Vala (Middle-earth)

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The Valar (singular Vala) are fictional characters in J. R. R. Tolkien's legendarium. They are first mentioned in The Lord of the Rings, but The Silmarillion (published posthumously but assembled mostly from material written before The Lord of the Rings) develops them into the Powers of Arda or the Powers of the World. They are angelic powers, the Ainur that chose to go into the World (Arda) and complete its material development after its form was determined by the Music of the Ainur (Ainulindalë).

Contents

Origin and acts

Eru Ilúvatar first revealed to the Ainur his great vision of The World through musical themes.

This World, fashioned from his ideas and expressed as the Music of Ilúvatar, was refined by thoughtful interpretations by the Ainur, who then created their own themes based on each unique comprehension. No one Ainu understood all of the themes that sprang from Ilúvatar. Instead, each elaborated individual themes, singing of mountains and subterranean regions, say, from themes for metals and stones. The themes of Ilúvatar's music were elaborated, and the Ainur added creative touches to blend with the themes of other Ainur. Melkor, however, added discordant themes: he strove against the Music; his themes became evil because they sprang from selfishness and vanity, not from the enlightenment of Ilúvatar.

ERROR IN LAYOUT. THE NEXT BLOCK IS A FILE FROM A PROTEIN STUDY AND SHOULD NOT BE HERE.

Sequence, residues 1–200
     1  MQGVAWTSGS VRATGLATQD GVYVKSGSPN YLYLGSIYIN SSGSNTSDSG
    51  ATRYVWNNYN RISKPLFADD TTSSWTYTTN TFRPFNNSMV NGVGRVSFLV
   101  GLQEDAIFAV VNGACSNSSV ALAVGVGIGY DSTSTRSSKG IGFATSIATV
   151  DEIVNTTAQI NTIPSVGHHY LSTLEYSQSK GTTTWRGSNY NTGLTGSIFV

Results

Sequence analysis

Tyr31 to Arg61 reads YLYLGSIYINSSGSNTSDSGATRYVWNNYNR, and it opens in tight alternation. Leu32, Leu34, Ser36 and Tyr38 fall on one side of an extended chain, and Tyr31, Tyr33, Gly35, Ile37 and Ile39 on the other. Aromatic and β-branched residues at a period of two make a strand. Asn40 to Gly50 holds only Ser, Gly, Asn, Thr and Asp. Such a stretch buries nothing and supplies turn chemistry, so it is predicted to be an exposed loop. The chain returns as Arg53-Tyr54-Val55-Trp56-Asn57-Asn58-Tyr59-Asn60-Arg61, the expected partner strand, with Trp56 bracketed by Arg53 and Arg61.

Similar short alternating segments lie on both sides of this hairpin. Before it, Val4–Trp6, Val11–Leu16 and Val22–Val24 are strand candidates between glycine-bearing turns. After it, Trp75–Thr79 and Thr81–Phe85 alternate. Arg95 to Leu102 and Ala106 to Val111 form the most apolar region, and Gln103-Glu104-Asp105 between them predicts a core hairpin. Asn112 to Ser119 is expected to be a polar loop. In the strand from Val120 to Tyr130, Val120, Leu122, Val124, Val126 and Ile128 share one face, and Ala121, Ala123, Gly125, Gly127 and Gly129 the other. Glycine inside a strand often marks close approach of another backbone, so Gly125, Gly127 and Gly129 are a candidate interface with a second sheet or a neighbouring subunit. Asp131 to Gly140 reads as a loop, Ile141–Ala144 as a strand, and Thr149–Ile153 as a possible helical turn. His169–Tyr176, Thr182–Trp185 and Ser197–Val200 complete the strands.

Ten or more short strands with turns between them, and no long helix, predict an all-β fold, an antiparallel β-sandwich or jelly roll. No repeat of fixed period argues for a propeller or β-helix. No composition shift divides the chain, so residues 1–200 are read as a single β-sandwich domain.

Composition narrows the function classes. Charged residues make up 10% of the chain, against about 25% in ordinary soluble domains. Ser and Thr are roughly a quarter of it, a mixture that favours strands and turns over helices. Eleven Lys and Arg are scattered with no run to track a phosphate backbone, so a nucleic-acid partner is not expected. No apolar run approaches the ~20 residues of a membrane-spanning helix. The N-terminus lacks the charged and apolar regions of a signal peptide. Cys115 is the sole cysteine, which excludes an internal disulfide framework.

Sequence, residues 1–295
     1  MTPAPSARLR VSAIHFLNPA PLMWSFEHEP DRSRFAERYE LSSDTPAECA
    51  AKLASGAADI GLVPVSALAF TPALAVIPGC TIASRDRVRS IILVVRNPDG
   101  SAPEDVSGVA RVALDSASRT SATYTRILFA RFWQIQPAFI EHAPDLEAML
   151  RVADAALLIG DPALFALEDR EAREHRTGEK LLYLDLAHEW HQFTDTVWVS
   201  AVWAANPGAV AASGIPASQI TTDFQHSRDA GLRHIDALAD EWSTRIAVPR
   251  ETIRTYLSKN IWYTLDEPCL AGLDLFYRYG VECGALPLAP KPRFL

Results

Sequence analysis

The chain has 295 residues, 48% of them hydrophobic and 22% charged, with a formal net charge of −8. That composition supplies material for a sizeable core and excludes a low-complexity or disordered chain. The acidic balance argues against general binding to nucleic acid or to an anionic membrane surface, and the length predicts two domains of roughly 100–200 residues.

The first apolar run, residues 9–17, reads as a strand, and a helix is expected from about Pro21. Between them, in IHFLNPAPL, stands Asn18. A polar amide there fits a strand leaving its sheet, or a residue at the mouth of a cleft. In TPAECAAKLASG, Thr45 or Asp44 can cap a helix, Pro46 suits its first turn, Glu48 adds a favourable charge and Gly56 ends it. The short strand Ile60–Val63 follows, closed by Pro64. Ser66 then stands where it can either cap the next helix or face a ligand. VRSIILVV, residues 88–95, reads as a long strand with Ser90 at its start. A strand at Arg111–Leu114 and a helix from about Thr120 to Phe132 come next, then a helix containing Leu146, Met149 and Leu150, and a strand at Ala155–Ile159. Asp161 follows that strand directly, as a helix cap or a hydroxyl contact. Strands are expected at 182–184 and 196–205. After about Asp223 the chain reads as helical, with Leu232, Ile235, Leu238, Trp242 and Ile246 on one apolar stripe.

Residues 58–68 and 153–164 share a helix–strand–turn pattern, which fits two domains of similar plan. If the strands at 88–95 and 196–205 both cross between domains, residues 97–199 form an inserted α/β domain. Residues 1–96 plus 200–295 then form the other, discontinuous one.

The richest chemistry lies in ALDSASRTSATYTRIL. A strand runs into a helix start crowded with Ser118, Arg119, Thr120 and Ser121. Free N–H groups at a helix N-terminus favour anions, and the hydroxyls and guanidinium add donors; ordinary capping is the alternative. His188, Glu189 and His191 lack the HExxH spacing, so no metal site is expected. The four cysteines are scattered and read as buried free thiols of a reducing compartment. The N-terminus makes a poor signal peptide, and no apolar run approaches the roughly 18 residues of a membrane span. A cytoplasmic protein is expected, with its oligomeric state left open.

Once the Music was complete, including Melkor's interwoven themes of vanity, Ilúvatar gave the Ainur a choice — to dwell with him, or to enter the world that they had mutually created. Those that chose to enter the world became known as the Valar, the 'Powers of Arda', though the Elves generally reserved that term for the more powerful of them. (The lesser Valar they called the Maiar.) Among the Valar were some of the most powerful and wise of the Ainur, including Manwë, the Lord of the Valar, and also Melkor, his brother. The two are distinguished by the selfless love of Manwë for the Music of Ilúvatar, and the selfish love that Melkor bore for himself and no other — least of all for the Children of Ilúvatar, as the Elves and Men became known.

Melkor (later named Morgoth, 'dark enemy') arrived in the World first, causing tumult wherever he went. As the others arrived, they saw how Melkor's presence would destroy the integrity of Ilúvatar's themes. Eventually, and with the aid of the Vala Tulkas, who entered Arda last, Melkor was temporarily overthrown, and the Valar began shaping the world and creating beauty to counter the darkness and ugliness of Melkor's discordant noise.

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